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Closing the Teach For America Blogging Gap
Aug 29 2007

Just when you get into a routine…

I attended my first graduate class tonight, yipee!  I am so happy that they are allowing us to do most of the work from home, watching DVDs of lectures rather than attending class.  However, I have been given 15 DVDs and still have a lot more to come, I’m thinking that perhaps I bit off more than I can chew.  I just got the coursework for the 9 credits we earned from institute this summer and it is 19 pages long, filled with descriptions for 3-4 page assignments due before October 1.  I know I shouldn’t be such a whiner, but seriously, it would have been nice to get at least a week break to get my life in order, let alone begin the mounting work load from this summer, added to the mouting workload of graduate classes and being a first year teacher…and don’t forget the extra crap that TFA expects us to do.  Like professional Saturdays, and the 6 assignments that are due tomorrow for each of the 5 subjects that I am teaching…which means 30 time consuming activities, that will inevitably be deemed “a good start” and then I will be expected to rewrite them.  (Such as, setting a big goal, enduring understandings, assessments, long term planning and unit planning.)  Yes, according to TFA I should have my entire year planned out at this point, in all 5 subject areas.  Sure, in theory it sounds like a smart idea for any teacher to know what they are doing, however, it’s day 8 tomorrow, I am I just trying to survive the day without crying in front of my students.  I cannot even wrap my head around next week at this point let alone June.    Never mind that I haven’t even seen my science curriculum or my math curriculum yet or that I am required to follow the same curriculum on the same days as my 3rd grade team.  I know this isn’t the TFA thing to say, but for now, I am going to listen to the institution that signs my checks each week.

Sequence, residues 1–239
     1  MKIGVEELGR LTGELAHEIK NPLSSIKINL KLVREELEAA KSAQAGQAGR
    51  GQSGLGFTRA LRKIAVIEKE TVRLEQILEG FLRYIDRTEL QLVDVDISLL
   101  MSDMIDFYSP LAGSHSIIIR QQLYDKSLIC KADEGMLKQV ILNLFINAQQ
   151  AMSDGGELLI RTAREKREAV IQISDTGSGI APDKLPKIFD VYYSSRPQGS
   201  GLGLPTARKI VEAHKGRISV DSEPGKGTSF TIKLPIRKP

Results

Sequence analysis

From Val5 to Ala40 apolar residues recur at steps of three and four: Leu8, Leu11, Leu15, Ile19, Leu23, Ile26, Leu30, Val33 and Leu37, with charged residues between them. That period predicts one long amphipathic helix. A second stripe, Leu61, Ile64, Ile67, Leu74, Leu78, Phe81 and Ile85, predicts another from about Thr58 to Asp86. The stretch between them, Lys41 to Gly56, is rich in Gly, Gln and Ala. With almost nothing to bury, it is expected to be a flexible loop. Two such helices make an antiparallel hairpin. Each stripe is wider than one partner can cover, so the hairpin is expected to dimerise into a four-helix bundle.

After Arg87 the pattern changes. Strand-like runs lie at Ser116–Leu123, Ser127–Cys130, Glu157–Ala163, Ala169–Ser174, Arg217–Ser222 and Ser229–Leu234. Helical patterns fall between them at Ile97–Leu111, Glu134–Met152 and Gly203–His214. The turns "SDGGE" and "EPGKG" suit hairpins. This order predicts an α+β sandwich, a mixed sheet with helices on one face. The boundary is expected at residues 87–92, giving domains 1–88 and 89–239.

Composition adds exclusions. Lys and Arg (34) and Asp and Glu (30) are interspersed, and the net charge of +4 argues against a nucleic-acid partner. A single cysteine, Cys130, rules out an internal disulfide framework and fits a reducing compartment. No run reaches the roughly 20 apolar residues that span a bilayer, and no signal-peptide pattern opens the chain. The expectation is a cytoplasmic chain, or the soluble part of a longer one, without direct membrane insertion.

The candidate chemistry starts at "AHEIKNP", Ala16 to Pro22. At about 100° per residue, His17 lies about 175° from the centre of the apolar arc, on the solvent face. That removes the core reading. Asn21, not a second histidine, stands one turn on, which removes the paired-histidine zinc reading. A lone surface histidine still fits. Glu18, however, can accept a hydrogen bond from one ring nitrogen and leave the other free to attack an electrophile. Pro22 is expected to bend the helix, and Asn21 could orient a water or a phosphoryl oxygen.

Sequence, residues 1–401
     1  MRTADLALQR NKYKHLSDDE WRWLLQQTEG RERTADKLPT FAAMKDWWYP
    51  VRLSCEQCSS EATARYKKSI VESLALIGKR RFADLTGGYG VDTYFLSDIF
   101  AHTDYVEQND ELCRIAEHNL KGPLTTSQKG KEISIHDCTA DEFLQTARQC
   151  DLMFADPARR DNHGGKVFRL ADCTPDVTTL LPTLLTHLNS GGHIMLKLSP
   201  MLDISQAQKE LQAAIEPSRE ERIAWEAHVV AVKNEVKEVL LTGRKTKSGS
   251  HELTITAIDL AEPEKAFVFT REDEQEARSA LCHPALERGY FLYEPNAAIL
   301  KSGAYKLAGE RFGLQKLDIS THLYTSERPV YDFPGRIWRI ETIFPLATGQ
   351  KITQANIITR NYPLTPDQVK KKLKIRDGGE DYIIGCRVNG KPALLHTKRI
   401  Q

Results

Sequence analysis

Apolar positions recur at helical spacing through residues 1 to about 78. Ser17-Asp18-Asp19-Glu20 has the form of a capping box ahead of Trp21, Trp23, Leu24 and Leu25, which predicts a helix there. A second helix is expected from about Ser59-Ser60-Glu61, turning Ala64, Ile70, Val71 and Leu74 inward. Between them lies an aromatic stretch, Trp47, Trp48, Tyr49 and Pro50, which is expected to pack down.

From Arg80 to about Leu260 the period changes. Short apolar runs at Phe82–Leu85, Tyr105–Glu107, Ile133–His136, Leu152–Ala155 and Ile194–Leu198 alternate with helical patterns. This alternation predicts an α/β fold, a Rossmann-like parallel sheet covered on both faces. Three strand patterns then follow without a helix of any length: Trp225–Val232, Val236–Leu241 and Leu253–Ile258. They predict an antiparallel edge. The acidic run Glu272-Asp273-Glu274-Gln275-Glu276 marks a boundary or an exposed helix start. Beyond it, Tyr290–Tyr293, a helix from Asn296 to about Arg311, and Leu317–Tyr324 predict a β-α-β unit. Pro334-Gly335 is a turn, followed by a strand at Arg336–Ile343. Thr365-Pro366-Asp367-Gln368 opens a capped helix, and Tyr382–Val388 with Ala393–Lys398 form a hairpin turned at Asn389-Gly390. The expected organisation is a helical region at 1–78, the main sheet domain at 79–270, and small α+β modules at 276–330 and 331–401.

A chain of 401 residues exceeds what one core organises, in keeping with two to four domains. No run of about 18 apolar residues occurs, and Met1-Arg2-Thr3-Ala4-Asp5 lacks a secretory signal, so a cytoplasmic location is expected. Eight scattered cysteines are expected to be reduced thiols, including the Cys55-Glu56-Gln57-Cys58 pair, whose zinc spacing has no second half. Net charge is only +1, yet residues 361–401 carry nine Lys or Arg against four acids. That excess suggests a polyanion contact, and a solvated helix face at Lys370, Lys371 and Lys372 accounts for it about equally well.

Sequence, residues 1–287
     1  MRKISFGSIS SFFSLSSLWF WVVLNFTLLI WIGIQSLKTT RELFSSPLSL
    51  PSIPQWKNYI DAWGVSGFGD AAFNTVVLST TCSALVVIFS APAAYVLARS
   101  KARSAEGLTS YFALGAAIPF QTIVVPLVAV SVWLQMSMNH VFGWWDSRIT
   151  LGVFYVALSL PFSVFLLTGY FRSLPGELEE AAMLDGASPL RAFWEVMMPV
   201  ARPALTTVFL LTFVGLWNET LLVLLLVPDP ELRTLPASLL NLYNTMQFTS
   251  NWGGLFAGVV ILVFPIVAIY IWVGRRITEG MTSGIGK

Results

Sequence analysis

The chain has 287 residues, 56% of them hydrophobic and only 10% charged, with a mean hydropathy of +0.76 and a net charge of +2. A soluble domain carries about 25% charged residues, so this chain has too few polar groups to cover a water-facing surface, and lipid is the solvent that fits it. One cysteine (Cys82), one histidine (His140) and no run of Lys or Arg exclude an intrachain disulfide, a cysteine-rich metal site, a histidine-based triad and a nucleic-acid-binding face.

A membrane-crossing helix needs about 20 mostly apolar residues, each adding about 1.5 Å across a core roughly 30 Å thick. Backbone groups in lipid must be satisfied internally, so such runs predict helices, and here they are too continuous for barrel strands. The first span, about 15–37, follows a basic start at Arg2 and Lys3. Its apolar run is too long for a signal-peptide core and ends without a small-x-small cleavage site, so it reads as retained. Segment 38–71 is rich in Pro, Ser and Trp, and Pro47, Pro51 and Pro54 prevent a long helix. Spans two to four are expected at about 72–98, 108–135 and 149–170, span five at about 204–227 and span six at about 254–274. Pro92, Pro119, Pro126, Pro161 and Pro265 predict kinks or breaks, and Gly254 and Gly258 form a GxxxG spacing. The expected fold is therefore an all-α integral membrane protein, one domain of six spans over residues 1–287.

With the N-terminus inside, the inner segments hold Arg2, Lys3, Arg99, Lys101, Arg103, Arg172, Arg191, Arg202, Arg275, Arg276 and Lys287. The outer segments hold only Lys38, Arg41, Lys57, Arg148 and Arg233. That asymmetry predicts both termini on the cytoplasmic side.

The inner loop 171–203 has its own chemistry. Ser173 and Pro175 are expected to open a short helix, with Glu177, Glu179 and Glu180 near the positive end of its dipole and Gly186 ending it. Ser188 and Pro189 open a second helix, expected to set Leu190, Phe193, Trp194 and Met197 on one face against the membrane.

One Response

  1. Anne

    Don’t freak yourself out about the TFA stuff. Every single first year corps member around the country is feeling the same right about now. Are you meeting with your program director tomorrow? Tell them what you are feeling. Tell them what you need help with, and it’s their job to help you figure all of this out. Also, p.s., I never gave TFA my data this year. Surprisingly, I didn’t die, TFA didn’t track me down and kill me, and my kids still managed to learn stuff. They go overboard with the expectations, and it’s definitely overwhelming, but in the end you figure out what *you* need to do in *your* classroom. Long term planning is amazing (it made this past year SO much easier), but pretty much impossible to do in the situation you are in. Just make a goal– maybe to sit down in December and figure out the (basics) for the rest of the year. Even planning a unit at a time (just aims/objectives, not lessons) at some point. I am so impressed by elementary school teachers– I had to do this with two subjects (three if you count reading and writing as separate subjects)– and you have so many more subjects to plan! Trust me, though, the secondary teachers aren’t any more planned than you are right now. So basically, tell your program director what you’ve done, and ask for help with what you need. Hopefully you’ve got someone that will let you ignore all of the TFA bullshit for a while.

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An Elementary School Teacher in the Show Me State

St. Louis
Elementary School
Elementary Education

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